McKinsey principal Ron Ritter explains that the journey construct is so helpful because it “aligns employees around customer needs, despite functional boundaries.” Instead of focusing on one step or one channel, the customer journey is focused on what the customer must accomplish to be successful. Once you’ve identified the cross-functional journeys that cause low satisfaction, you can identify the roadblocks that need to be removed.
Using a VoC program to listen across multiple channels can reveal limitations and obstacles in the customer’s journey. By pulling out trending keywords and combining that information with CRM data and product usage data, you’ll have a much better understanding of what your customers are frustrated with.
Incorporating Customer Support and Success Data
When measured by sheer volume, the Customer Support and Success teams have the most access to customer feedback. Every conversation contains multitudes of data points about what the customer wants to do, where they are struggling, and how they’re feeling. The tough part is pulling the value out of those data points so that it’s helpful for the product team.
Customer Support Stories
Support agents have similar experiences. Out of anyone in the organization they spend the most time speaking with frustrated customers. But they often have the least impact on product development. Why? Because turning customer conversation data into helpful product data is hard. Each agent will only see a fraction of the total ticket volume, which can lead to bias. They need to avoid focusing on the squeakiest wheel or the loudest customer.
Product teams know that anecdotal evidence isn’t sufficient for product development decisions. In the past, this meant that product teams were dismissive of support data because it was too difficult to rigorously analyze to be statistically relevant. But that needs to change, because if you’re not incorporating the things that customers tell Support every day into your VoC program and your product strategy, you’re not seeing the full picture.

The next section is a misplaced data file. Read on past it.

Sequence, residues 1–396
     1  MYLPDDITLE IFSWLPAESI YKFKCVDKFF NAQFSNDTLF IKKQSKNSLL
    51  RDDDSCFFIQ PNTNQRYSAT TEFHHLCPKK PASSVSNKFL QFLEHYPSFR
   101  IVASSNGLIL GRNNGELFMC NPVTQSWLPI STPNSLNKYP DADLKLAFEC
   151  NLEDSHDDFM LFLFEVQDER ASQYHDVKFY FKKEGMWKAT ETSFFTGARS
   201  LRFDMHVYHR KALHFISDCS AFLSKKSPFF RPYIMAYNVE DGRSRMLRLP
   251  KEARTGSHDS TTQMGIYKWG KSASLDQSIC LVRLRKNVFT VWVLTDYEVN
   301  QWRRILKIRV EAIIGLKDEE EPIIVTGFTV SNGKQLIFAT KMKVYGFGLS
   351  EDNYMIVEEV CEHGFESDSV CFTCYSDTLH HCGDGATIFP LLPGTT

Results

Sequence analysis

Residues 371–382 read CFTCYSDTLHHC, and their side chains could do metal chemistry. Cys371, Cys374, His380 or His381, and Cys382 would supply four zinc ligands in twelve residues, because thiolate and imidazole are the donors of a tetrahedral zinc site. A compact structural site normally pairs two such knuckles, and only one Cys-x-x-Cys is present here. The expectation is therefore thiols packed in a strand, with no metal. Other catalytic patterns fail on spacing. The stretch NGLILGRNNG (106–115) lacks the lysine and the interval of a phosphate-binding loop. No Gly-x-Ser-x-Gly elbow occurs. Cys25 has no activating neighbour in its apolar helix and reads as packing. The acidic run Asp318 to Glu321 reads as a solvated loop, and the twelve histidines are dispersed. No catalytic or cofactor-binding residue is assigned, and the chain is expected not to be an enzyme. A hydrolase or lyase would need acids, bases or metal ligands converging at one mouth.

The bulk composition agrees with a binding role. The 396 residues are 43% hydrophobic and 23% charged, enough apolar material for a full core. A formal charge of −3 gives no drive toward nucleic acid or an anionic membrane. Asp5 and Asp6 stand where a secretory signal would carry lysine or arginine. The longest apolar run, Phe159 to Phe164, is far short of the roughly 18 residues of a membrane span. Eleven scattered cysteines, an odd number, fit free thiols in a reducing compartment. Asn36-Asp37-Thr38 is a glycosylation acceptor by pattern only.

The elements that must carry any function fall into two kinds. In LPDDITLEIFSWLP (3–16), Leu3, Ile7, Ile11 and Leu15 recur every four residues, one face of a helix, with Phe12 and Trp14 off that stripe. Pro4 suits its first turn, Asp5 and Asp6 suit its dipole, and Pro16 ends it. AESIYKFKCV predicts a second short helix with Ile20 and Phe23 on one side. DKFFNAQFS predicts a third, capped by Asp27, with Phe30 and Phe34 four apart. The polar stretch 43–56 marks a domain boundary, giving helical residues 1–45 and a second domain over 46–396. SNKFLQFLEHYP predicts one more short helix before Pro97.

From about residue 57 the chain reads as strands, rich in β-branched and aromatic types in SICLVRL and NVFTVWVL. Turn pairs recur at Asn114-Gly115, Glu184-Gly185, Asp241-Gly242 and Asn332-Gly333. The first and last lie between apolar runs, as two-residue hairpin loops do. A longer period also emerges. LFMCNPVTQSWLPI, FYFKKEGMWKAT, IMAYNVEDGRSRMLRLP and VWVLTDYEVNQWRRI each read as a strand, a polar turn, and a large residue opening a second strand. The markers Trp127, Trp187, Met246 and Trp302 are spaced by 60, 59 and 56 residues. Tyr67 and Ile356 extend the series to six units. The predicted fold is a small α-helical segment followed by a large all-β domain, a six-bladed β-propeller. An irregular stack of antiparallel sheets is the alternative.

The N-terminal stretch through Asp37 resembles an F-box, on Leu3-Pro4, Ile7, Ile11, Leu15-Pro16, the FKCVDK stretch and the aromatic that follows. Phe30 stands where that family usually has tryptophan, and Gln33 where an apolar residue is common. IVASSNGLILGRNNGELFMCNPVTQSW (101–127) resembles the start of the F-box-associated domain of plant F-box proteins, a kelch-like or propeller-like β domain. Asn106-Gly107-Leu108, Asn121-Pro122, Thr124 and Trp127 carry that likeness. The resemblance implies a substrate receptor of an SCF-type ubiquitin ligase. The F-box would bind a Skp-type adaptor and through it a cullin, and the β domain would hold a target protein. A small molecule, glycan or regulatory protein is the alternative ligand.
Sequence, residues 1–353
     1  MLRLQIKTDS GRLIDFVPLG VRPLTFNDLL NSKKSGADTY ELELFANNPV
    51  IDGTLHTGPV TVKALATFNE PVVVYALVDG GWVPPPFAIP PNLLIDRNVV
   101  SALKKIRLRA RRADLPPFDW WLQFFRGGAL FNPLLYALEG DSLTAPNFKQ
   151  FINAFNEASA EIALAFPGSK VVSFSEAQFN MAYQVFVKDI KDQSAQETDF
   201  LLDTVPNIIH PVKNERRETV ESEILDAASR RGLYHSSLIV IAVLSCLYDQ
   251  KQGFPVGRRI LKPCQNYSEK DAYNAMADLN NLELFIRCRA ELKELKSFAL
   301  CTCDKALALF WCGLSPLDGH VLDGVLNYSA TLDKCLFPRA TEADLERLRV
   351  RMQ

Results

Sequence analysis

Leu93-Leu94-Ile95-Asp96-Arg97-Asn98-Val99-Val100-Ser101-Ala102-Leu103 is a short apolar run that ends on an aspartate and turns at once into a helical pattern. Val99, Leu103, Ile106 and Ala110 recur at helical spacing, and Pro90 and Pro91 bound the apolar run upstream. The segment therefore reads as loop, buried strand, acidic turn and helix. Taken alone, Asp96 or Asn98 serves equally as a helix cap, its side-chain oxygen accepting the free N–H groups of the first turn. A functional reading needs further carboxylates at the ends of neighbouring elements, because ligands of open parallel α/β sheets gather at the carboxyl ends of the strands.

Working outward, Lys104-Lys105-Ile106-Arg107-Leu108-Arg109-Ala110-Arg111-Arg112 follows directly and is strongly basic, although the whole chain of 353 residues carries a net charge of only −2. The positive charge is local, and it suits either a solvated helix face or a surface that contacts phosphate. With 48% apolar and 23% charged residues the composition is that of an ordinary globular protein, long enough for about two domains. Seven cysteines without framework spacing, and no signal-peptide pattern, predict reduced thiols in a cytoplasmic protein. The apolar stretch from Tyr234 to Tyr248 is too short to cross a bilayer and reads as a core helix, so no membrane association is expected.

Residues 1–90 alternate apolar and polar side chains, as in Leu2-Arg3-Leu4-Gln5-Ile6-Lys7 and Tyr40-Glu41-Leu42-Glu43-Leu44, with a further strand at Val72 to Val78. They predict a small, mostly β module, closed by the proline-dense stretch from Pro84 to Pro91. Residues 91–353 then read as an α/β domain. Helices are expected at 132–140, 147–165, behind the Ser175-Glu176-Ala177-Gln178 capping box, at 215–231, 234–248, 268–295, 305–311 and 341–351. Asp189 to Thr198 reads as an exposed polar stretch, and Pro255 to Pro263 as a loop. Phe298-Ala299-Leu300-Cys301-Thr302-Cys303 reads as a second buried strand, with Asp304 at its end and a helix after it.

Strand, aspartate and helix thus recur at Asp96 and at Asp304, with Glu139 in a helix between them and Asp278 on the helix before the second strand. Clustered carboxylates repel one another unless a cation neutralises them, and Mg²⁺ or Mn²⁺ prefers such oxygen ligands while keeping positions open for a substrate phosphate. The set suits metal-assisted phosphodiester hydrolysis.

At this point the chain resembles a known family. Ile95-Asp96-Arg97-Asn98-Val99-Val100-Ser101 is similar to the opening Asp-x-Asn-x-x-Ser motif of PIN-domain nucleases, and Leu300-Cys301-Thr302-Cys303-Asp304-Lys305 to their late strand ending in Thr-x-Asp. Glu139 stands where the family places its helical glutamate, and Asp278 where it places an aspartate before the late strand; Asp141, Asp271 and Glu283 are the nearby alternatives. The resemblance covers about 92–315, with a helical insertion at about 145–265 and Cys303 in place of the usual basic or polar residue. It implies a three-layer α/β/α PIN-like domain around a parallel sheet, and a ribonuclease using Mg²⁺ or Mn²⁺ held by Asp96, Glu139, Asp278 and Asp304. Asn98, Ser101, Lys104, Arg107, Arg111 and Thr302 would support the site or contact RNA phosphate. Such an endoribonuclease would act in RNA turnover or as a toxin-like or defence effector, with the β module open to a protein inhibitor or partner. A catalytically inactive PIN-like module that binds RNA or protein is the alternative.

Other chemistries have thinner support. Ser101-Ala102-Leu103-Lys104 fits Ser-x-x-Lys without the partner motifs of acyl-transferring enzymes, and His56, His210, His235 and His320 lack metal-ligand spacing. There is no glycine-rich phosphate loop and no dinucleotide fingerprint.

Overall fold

Customer Success Stories
CSMs are often the first teams to hear about new feature requests from customers. But when they try to rally the Product team around new ideas, they find that their requests don’t carry enough weight. This is due to the same issue of siloed data. Each CSM knows what their individual customers are looking for, but they don’t have insight into the feedback from all the other customers. There is no way for them to quantify the benefit a new feature would have.
So while CSMs are closely acquainted with the real customer journey along with any roadblocks they encounter, they don’t have the necessary influence over the product roadmap.
A Data-Driven Customer Journey
Customer Support and Success data is an “always-on” source of customer insight. A regular cadence of information will enable product development to happen around the customer's journey. Incorporating this data early in the design cycle means that features are designed based on the real customer experience, not the one that’s patched together from survey and touchpoint data.
Using VoC data to inform your product roadmap and eliminate roadblocks from your customer’s journey is the biggest step on your path to becoming a customer-centric organization.